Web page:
View All Articles

When Healthy Eating Isn't Enough for Severely Obese Teenagers

As the obesity epidemic in the United States continues to rise, a small number of teenagers are finding that traditional methods of weight loss just won’t cut it. For those adolescents with severe obesity, weight loss surgery — or bariatric surgery — may be an option. While healthy eating and exercise are recommended first when trying to lose weight, this surgery could be a life-changing (or even life-saving) choice for some obese teens.

What Does It Mean to Be Severely Obese?

The term “severe obesity” refers to those with an exceptionally high body mass index (BMI) — one that’s greater than or equal to 120 percent of the 95th percentile. Doctor measuring obese womanIt also refers to anyone who has failed to respond to traditional weight-loss strategies and has developed comorbidities.

These medical comorbidities may include issues such as type 2 diabetes, hypertension, cardiac hypertrophy, sleep apnea, nonalcoholic fatty liver disease (NAFLD), abnormal kidney function, depression and impaired quality of life. Teenagers who are affected by severe obesity may be candidates for bariatric surgery.

Bariatric Surgery Could Mean a Second Chance for a Healthier Life

More and more teenagers are electing to undergo bariatric surgery when other options to improve their health fail. While there are lots of criteria to consider, it’s possible that a teen with severe obesity could greatly benefit from surgical intervention. For teens with comorbidities, weight loss potentially can stop the development of these diseases, or even reverse them entirely.

As of 2019, approximately seven percent of girls and almost 10 percent of boys ages 12 to 19 years are severely obese in the United States. Statistically, these kids will likely remain in the obese range as adults. In fact, 65 percent will have “Class 3” obesity as adults, meaning a BMI of 40 or higher.

When thinking about bariatric surgery for your child, it’s important to consider the long-term implications. Having bariatric surgery now could lengthen your child’s life. Severely obese teens have a greater prevalence of cardiovascular risk factors compared to children with lesser degrees of obesity. They’ll also have more health complications and a higher risk of mortality compared to those who developed obesity during adulthood. This is why adolescents with severe obesity should be considered for a surgical option after they’ve failed a medically supervised weight-loss program.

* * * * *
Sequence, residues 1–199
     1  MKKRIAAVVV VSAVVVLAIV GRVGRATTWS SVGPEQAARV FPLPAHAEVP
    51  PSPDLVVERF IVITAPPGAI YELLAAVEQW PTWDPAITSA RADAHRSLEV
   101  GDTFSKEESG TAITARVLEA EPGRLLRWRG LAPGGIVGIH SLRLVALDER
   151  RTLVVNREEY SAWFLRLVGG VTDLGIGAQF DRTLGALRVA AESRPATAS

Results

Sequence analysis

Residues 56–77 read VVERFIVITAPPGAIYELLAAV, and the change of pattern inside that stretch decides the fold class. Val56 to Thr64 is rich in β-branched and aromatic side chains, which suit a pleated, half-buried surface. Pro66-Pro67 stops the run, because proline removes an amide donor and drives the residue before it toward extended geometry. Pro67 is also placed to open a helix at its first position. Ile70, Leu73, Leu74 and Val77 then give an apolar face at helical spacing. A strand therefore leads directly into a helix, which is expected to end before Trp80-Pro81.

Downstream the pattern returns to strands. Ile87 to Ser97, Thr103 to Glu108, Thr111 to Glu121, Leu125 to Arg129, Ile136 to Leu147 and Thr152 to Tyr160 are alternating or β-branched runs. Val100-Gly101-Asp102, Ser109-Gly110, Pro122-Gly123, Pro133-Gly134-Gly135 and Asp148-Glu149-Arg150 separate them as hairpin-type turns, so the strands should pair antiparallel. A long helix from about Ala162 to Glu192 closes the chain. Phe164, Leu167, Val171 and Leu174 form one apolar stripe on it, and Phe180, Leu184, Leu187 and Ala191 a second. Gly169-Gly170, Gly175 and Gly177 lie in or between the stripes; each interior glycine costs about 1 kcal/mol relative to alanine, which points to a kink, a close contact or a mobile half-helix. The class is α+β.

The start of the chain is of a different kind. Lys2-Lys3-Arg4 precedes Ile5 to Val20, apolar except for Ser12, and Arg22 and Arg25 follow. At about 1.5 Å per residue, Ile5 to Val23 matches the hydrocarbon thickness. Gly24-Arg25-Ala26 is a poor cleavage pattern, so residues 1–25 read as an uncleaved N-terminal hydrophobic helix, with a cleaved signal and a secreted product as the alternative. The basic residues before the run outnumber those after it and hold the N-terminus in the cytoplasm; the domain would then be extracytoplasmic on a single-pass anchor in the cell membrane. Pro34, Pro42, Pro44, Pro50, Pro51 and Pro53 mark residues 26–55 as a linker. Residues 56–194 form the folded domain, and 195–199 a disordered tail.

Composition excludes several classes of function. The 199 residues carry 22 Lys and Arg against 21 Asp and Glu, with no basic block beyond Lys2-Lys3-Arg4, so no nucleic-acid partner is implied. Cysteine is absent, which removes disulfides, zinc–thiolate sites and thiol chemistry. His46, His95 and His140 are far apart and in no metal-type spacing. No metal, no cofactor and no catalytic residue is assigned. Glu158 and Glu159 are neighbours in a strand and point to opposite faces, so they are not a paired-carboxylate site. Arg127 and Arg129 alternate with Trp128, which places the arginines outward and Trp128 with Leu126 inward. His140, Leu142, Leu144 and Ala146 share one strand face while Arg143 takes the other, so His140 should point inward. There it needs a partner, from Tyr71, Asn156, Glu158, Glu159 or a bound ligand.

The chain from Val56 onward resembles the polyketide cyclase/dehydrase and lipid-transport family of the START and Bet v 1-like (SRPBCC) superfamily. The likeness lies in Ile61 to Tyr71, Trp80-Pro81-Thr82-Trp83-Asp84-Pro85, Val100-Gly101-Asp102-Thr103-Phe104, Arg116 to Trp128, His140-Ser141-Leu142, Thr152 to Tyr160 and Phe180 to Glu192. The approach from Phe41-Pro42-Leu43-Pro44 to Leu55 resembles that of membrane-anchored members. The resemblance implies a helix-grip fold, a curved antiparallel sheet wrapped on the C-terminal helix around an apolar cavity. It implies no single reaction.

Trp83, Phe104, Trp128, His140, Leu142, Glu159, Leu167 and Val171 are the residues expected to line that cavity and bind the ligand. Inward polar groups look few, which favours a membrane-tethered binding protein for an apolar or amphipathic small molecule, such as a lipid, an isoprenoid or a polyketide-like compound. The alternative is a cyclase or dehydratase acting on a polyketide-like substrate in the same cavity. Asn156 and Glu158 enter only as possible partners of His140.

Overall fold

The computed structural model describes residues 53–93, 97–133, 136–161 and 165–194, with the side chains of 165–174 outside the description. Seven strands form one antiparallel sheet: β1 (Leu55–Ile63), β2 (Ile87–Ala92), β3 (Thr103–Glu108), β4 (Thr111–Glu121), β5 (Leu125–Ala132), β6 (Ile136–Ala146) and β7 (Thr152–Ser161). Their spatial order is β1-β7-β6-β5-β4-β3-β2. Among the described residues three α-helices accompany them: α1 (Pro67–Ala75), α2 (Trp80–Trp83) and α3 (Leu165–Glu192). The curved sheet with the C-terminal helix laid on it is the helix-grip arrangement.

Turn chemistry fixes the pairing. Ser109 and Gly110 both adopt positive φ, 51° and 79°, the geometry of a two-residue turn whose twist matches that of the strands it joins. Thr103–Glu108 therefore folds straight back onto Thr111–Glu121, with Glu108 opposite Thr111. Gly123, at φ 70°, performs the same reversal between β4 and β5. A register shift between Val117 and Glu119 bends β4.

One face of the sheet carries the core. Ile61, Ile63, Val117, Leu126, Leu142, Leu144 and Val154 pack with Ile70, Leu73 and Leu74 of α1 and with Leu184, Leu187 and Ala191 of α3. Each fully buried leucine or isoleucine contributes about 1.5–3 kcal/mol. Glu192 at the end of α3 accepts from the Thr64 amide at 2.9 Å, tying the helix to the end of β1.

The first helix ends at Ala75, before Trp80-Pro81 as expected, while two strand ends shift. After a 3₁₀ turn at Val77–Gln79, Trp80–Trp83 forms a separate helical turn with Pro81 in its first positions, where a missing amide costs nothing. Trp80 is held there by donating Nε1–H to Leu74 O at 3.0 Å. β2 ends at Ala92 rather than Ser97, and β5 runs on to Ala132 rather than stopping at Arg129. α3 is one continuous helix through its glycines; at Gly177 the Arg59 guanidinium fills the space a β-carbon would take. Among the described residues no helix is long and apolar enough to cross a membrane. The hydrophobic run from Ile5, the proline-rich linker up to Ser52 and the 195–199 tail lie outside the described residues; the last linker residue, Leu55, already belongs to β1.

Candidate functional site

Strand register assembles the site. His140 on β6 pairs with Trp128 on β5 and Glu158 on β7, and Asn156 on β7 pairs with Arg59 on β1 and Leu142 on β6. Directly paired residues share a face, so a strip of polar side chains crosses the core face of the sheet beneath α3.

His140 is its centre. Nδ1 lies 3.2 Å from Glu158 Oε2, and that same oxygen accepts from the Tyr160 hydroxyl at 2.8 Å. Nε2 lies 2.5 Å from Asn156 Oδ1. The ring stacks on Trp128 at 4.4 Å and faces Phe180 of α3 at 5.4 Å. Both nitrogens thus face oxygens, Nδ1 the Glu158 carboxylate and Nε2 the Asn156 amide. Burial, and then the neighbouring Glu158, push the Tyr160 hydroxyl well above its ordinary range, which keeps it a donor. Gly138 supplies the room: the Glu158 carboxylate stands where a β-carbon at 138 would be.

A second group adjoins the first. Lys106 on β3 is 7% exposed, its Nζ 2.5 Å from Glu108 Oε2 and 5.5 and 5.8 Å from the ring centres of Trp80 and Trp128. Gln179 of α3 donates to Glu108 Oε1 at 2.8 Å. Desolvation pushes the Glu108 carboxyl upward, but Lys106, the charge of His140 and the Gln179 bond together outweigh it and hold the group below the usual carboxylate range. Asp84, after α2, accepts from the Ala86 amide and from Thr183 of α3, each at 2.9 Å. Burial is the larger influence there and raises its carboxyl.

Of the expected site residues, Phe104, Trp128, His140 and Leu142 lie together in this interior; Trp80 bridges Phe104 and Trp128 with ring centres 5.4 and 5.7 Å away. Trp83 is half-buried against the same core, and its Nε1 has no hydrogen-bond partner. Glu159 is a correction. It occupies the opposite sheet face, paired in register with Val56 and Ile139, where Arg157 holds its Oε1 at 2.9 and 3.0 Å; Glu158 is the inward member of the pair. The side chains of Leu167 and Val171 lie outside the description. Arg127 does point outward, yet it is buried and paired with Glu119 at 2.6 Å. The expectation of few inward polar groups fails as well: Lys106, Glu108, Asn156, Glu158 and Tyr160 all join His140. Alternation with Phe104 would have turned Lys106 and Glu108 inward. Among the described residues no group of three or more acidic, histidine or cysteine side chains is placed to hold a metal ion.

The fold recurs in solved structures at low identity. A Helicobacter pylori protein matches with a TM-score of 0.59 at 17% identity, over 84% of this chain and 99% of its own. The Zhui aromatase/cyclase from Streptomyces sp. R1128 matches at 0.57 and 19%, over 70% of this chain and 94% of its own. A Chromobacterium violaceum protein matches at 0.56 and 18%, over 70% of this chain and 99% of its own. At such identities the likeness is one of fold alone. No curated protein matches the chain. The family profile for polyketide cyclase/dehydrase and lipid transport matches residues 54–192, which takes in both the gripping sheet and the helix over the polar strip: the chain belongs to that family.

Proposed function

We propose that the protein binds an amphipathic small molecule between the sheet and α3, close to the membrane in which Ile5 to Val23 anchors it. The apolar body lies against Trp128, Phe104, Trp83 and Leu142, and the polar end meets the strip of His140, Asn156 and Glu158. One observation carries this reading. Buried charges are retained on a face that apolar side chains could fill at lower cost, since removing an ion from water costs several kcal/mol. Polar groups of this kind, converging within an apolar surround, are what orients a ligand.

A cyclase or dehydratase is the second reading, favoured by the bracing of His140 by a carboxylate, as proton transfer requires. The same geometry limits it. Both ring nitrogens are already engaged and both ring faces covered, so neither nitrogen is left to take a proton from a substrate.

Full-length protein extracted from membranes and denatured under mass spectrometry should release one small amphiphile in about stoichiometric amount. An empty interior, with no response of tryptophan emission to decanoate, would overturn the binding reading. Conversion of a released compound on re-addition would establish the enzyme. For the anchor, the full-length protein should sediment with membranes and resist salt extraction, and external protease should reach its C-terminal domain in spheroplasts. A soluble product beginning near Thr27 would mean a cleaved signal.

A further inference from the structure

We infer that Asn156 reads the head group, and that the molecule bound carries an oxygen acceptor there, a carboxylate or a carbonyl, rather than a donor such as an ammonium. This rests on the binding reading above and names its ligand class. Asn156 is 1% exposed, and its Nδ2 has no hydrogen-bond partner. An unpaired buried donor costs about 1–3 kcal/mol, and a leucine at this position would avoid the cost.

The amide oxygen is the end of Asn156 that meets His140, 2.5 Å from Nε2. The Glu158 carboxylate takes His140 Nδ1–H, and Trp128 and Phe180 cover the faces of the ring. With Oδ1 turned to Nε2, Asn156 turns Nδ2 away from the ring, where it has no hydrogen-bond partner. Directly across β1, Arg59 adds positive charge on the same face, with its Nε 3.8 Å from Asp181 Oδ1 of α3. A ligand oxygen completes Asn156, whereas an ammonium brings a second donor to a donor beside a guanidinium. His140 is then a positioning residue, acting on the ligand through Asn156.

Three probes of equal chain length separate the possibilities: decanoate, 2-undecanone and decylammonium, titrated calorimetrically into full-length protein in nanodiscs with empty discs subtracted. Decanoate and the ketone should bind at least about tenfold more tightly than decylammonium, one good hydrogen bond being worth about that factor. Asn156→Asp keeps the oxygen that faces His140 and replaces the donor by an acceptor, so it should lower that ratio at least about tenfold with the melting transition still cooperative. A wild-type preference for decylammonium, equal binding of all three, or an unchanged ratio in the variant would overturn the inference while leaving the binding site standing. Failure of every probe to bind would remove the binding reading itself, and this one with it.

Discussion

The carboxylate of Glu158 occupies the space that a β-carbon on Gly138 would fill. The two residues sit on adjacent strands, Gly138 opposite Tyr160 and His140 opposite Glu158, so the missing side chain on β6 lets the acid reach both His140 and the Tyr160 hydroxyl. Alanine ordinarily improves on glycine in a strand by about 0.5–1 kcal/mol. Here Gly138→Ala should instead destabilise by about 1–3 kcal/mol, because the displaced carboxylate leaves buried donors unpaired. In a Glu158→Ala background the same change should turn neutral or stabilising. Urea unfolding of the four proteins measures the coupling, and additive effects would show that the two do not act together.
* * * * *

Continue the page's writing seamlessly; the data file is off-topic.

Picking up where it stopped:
Your Teen’s Physical and Emotional Maturity

Even though bariatric surgery has evolved significantly in the last 20 years, for children who are still growing, the procedure could cause lifelong issues with vitamin deficiency and absorption. Although rare, these issues could affect future growth and bone development.

It’s essential that teens who undergo weight-loss surgery make healthy and responsible post-surgery choices. Emotional maturity is the key to following a nutrition and lifestyle plan set by their physicians, or the surgery could prove to be ineffective.

In cases where your female adolescent is sexually active, surgery can affect their fertility. During the process of losing weight, fertility rates can suddenly reverse. Therefore, girls choosing to undergo bariatric surgery should discuss contraception and fertility issues with their physician, or even opt to go on birth control afterward.

Not a Miracle Cure

Research suggests that dietary and behavioral interventions alone rarely achieve significant long-term success for adolescents with severe obesity. This procedure ultimately can prove to be ineffective without a healthy diet. Teenagers who wish to undergo bariatric surgery still need to demonstrate that they are able to control their weight through eating in moderation and lifestyle choices. 

When considering bariatric surgery, adolescents and their families should consult with a multidisciplinary team of physicians. In addition to their specialized pediatric surgeons, teens also may be required to meet with a dietitian, pediatrician, personal trainer, psychiatrist or psychologist and other experts. Remember, at any age, anyone going through this surgery will need lots of information and support before and after the procedure. Healthy living, even with benefits of bariatric surgery, is a lifelong commitment.

Learn More About Bariatric Surgery

Obesity threatens your health and well-being. The team at the Orlando Health Bariatric & Laparoscopy Center can help you lose weight through minimally invasive surgery and lifestyle changes, so you can choose to live your best life.

Learn More

Related Articles